It is heartening to see this new year began with a positive note for the media.
The belated but justified interest in the unfortunate case of the late Ruchika Girotra is another instance of the media playing an activist role in highlighting the clout of the powerful in bending the system to suit their own devices and escaping unpunished from their alleged crimes.
Interestingly, in 2008 and late 2009, the media took up the case of a girl’s death and raised ethical, legal and social issues.
But there is one significant difference between the two cases.
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In 2008, the coverage of the Noida murder case (the murders of Arushi Talwar and the family servant still remain unresolved) highlighted missteps by the police and the ruthlessness of the media. Not only did this case dominate prime-time news, channels also created exclusive programmes around the murders. The range of stories and discussions included speculation, dramatization, even discussions on the ethical and judicial implications of media coverage on a case under trial.
This double murder case was given 3,464 minutes in one month (16 May to 16 June 2008) on air—almost 70 times more (on average) per month as compared with the agrarian crisis (an estimated 3,000 farmers dead in one year). This unprecedented coverage and trial by the media, especially by the television channels, crossed all lines of tolerance.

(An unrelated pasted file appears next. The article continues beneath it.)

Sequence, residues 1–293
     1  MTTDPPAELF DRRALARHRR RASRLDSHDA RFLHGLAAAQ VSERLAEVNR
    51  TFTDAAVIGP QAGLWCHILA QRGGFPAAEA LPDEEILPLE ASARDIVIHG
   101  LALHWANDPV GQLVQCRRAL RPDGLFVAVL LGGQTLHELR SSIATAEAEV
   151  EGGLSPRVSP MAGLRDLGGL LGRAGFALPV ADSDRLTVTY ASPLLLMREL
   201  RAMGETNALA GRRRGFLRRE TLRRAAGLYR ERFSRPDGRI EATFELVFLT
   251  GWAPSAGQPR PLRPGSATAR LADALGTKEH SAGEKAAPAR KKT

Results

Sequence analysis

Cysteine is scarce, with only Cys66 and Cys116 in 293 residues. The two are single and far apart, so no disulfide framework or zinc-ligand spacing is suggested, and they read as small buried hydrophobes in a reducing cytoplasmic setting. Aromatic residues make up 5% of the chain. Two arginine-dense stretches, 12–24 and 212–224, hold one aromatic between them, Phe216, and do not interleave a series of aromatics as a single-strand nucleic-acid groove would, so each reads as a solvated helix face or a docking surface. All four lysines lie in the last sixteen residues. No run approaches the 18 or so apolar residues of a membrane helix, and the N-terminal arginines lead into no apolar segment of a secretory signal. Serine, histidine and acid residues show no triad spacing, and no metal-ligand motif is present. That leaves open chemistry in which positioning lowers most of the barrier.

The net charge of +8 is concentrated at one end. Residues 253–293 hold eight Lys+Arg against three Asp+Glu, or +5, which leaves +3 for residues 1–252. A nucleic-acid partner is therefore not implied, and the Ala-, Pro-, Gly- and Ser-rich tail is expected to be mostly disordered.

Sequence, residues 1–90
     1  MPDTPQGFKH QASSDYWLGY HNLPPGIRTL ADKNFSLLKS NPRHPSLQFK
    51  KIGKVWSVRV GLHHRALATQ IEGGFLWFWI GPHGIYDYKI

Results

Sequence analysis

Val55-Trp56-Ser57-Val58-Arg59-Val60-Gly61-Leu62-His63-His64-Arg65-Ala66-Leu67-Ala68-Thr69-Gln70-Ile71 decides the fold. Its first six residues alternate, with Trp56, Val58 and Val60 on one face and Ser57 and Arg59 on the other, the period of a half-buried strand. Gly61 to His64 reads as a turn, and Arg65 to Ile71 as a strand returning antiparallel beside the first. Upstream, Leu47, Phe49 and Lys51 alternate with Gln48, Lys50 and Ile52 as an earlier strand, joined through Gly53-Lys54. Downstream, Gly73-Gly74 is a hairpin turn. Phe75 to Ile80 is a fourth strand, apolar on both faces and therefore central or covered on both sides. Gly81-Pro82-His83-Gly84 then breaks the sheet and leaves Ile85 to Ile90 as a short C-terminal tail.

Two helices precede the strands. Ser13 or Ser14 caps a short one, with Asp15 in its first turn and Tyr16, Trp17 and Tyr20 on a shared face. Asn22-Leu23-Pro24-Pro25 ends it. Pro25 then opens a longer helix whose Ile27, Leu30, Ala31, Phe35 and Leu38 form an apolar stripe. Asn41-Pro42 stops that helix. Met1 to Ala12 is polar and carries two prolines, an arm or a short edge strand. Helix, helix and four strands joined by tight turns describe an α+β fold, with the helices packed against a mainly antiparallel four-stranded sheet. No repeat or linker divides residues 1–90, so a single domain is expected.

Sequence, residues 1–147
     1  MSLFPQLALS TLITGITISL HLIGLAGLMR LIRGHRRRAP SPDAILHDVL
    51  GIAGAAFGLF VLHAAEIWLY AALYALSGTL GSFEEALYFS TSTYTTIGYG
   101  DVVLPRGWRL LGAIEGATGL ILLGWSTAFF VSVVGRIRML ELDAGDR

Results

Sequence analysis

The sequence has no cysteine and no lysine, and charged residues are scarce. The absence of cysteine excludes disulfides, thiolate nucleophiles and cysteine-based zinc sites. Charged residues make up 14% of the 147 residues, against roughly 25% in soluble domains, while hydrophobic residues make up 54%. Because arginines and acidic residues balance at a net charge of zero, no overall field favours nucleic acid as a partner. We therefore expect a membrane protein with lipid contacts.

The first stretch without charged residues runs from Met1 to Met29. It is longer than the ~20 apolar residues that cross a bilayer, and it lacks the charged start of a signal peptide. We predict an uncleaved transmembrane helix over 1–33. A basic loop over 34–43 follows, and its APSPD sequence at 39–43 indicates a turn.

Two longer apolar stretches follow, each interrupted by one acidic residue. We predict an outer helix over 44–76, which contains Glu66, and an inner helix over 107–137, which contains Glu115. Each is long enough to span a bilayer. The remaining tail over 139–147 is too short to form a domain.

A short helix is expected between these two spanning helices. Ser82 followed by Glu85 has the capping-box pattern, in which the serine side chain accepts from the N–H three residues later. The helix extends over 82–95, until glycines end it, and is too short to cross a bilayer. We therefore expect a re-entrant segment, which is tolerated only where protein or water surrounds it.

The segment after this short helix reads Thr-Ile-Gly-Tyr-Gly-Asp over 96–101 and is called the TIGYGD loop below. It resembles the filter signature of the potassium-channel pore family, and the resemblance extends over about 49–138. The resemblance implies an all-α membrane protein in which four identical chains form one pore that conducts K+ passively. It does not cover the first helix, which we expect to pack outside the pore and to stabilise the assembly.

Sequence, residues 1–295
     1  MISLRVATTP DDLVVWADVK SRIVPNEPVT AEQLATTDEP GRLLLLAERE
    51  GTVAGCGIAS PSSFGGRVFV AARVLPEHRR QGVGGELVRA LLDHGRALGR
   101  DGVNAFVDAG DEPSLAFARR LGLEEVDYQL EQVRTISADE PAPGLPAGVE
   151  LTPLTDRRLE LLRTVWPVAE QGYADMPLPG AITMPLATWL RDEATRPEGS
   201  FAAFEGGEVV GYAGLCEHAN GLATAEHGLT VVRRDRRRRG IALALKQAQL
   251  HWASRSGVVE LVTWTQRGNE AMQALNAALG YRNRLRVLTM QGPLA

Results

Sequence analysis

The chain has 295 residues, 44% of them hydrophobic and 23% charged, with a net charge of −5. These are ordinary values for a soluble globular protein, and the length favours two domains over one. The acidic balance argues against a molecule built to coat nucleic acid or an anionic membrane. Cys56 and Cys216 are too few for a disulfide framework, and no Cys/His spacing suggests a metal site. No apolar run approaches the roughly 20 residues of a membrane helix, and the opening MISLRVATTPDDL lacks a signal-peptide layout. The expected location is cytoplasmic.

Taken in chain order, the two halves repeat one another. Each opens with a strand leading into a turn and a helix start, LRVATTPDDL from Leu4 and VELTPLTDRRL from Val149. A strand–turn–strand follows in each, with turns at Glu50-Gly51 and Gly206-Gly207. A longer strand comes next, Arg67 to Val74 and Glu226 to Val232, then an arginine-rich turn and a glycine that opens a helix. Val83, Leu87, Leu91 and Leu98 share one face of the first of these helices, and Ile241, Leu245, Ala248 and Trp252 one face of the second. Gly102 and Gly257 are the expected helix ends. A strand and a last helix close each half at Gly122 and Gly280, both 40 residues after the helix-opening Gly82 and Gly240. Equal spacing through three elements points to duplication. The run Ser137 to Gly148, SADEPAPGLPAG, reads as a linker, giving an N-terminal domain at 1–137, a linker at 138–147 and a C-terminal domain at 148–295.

In contrast, the media’s recent interest in the death of Ruchika Girotra has positive implications.
The table shows the coverage received by this case during the 10 days of last year. All six national channels gave this case more than usual space and coverage—almost 8 times more than any news on politics and almost 30 times more than any news on agriculture related issues. Of course, this case got only half of the time and space on an average, per day, as compared with the Noida murder.
Graphics: Ahmed Raza Khan / Mint
While the 2008 Noida case (it is still very active on the media’s radar) highlighted the media’s intrusion into personal and legal space, this recent case has proved that the power of media is stronger than the threat of contempt of court.
In the Girotra case, the media has led the campaign for changes in ways complaints are filed, the creation of special courts for timely justice, even making molestation a non-bailable offence. This is a good example of how a healthy media can work as a catalyst for change and also make the other three key pillars of our democracy more accountable.
The case has validated the role of media as a public watchdog against the abuse of power. Hopefully, this will make our news channels more vigilant and sensitive to their critical role as the fourth pillar in our democracy.
P.N. Vasanti is director of New Delhi-based multidisciplinary research organization Centre for Media Studies. Your comments and feedback on this column, which runs every other Friday, are welcome at email@example.com